Genetic alterations often affect gene transcription and translation. A retrospective multi-cohort study showed that the m6A eraser ALKBH5 was an independent prognostic factor for pancreatic cancer, and its expression was positively associated with the OS of pancreatic cancer patients [31]. A multivariate Cox regression analysis indicated that nuclear WTAP expression was an independent prognostic indicator for pancreatic ductal adenocarcinoma, and high nuclear expression of WTAP was associated with a poor prognosis in pancreatic cancer patients [32]. Our study found that the mRNA expression levels of almost all m6A regulators were higher in PAAD samples except for METTL3. Furthermore, Kaplan–Meier curve and log-rank test analyses revealed that the median survival time of pancreatic cancer patients in m6A regulators altered group was significantly shorter than that of m6A regulators unaltered group (15.31 vs. 20.60 months, P = 0.035). Simultaneously, the median disease/progression-free survival of pancreatic cancer patients in m6A regulators altered group was also significantly shorter than that of m6A regulators unaltered group (13.67 vs. 17.28 months, P = 0.007). All these results indicated that m6A regulator alterations were associated with poorer DFS/PFS and OS in pancreatic cancer patients. In our opinion, genetic alterations appeared to affect the expression of m6A regulators and the survival prognosis of pancreatic cancer patients.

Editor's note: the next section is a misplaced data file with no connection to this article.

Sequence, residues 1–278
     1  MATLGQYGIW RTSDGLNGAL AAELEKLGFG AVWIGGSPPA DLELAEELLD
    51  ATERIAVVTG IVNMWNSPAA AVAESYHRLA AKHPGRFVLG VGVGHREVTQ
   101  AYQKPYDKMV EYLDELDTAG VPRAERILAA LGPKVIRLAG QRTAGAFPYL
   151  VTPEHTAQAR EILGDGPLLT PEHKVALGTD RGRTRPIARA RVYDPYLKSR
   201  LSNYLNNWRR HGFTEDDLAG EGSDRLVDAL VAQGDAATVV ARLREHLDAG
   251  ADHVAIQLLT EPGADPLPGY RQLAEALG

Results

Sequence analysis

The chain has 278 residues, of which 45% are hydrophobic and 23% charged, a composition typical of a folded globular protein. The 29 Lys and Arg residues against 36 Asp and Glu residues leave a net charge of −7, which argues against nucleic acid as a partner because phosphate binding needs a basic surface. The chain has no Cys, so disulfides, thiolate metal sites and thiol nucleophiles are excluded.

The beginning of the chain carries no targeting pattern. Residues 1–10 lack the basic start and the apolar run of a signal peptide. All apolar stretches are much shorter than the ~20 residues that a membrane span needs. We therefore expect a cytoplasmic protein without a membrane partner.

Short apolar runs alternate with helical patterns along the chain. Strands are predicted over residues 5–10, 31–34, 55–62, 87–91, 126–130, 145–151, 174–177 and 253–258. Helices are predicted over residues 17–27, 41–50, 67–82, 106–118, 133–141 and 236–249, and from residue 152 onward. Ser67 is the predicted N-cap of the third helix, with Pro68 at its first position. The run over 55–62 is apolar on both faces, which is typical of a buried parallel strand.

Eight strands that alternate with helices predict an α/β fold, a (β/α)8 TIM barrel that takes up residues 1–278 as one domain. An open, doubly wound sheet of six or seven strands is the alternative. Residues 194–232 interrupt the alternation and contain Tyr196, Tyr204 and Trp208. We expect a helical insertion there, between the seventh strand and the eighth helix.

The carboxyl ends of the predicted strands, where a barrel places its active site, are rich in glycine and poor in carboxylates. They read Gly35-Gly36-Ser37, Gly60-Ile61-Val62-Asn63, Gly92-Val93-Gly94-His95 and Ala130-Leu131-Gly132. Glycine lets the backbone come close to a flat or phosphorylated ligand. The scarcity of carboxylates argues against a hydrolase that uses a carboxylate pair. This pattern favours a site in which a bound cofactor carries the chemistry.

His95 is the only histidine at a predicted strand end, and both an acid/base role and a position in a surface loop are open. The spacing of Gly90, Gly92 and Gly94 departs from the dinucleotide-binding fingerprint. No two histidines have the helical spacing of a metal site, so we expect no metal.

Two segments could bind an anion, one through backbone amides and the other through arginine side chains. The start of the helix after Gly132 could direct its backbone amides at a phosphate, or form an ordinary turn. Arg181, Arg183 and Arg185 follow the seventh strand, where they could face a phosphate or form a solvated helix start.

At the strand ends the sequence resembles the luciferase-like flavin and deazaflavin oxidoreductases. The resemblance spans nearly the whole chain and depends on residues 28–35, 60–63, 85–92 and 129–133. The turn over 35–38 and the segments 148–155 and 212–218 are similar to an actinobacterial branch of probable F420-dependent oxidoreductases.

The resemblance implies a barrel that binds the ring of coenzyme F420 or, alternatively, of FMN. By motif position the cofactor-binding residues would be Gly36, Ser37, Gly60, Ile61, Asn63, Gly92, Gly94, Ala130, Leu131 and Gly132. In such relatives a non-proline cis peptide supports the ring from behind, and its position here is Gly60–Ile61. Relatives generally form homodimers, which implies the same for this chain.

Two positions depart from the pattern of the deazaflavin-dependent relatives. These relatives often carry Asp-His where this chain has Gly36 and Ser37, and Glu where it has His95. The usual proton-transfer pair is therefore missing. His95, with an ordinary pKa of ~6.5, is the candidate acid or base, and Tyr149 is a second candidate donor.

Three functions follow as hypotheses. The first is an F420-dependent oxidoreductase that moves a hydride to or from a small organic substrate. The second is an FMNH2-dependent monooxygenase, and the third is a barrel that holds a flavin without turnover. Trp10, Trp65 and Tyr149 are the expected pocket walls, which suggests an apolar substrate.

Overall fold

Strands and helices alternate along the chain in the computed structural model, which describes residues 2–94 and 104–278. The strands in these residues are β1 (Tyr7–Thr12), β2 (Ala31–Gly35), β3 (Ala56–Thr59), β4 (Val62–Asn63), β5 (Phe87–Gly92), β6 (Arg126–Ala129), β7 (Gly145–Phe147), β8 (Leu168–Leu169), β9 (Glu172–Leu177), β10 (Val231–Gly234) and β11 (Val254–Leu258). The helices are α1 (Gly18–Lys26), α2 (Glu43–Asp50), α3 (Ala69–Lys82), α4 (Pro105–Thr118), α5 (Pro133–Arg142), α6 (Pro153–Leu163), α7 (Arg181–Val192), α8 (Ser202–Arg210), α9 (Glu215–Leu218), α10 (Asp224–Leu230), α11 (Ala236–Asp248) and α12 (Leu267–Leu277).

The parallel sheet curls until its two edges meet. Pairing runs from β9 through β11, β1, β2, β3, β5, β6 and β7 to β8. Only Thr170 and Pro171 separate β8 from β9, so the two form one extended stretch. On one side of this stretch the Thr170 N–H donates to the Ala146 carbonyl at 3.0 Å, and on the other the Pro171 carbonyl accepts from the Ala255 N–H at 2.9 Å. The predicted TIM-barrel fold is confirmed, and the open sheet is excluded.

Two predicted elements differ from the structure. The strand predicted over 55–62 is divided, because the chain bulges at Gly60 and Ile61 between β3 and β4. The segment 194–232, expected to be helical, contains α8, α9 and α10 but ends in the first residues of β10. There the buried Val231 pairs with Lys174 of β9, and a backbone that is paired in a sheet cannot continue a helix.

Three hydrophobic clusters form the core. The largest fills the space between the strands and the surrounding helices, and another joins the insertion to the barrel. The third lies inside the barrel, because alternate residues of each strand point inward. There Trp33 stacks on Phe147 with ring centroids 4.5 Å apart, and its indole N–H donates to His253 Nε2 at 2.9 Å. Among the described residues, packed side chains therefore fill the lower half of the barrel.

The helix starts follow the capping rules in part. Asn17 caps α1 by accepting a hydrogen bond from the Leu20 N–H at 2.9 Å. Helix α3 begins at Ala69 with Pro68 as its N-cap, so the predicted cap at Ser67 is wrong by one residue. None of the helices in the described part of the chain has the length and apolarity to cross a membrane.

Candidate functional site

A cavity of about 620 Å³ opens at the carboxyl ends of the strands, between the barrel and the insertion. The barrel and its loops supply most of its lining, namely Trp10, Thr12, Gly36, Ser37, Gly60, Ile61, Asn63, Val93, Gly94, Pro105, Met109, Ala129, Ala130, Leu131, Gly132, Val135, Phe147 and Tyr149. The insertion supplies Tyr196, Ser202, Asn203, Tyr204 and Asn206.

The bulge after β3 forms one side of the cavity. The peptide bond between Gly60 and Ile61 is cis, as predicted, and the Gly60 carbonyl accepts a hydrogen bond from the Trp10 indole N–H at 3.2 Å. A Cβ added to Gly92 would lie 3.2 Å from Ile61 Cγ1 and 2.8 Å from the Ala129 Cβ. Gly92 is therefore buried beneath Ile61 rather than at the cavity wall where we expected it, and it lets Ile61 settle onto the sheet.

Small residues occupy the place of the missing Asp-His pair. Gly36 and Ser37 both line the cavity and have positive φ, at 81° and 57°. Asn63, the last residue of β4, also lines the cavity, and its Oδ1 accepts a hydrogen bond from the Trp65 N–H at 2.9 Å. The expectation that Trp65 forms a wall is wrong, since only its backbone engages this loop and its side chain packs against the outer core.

Previous study unveiled that the collaboration among m6A writers, erasers, and readers regulated tumor growth, angiogenesis, and progression [24]. Our correlation analysis revealed crosstalk among m6A writers, readers, and erasers in pancreatic cancer. We also found that genes in the same functional category showed highly correlated expression patterns. As the most prevalent epigenetic modification of eukaryotic mRNA and lncRNA, m6A is involved in every step of the RNA life cycle. Therefore, alterations in m6A regulators may cause changes in various downstream signaling pathways. We found that neighboring gene networks close to m6A regulators generally showed different degrees of alteration in pancreatic cancer. GO analysis of coexpression genes related to m6A regulators showed that they were mainly involved in RNA biosynthetic processes, RNA metabolic processes, transcription, DNA-templated transcription, protein modification processes, and gene expression. KEGG pathways analysis showed enrichment in the cell cycle, spliceosome, RNA transport, mRNA surveillance pathway, ubiquitin-mediated proteolysis, viral carcinogenesis, and cancer pathways. It is important to understand that m6A regulators interact with each other, and each of them affects various downstream pathways. Alteration even in only one m6A regulator can lead to dysregulation of gene expression, major dysfunction, or even cancer.